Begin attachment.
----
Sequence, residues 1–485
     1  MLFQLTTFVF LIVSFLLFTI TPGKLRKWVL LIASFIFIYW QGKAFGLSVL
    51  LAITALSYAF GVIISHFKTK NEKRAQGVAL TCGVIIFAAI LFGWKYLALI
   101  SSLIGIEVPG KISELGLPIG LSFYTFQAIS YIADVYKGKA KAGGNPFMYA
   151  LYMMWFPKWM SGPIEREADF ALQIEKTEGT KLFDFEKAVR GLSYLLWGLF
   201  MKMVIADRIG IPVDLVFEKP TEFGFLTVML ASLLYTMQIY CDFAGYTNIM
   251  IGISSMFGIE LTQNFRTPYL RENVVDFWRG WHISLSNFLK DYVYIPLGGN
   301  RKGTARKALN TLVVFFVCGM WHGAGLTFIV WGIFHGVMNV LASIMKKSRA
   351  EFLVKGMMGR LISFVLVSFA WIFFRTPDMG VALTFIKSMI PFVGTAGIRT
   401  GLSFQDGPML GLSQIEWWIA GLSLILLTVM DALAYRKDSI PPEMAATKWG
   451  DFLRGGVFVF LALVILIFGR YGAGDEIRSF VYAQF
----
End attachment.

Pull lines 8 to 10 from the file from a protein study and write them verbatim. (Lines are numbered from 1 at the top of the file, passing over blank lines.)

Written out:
   301  RKGTARKALN TLVVFFVCGM WHGAGLTFIV WGIFHGVMNV LASIMKKSRA
   351  EFLVKGMMGR LISFVLVSFA WIFFRTPDMG VALTFIKSMI PFVGTAGIRT
   401  GLSFQDGPML GLSQIEWWIA GLSLILLTVM DALAYRKDSI PPEMAATKWG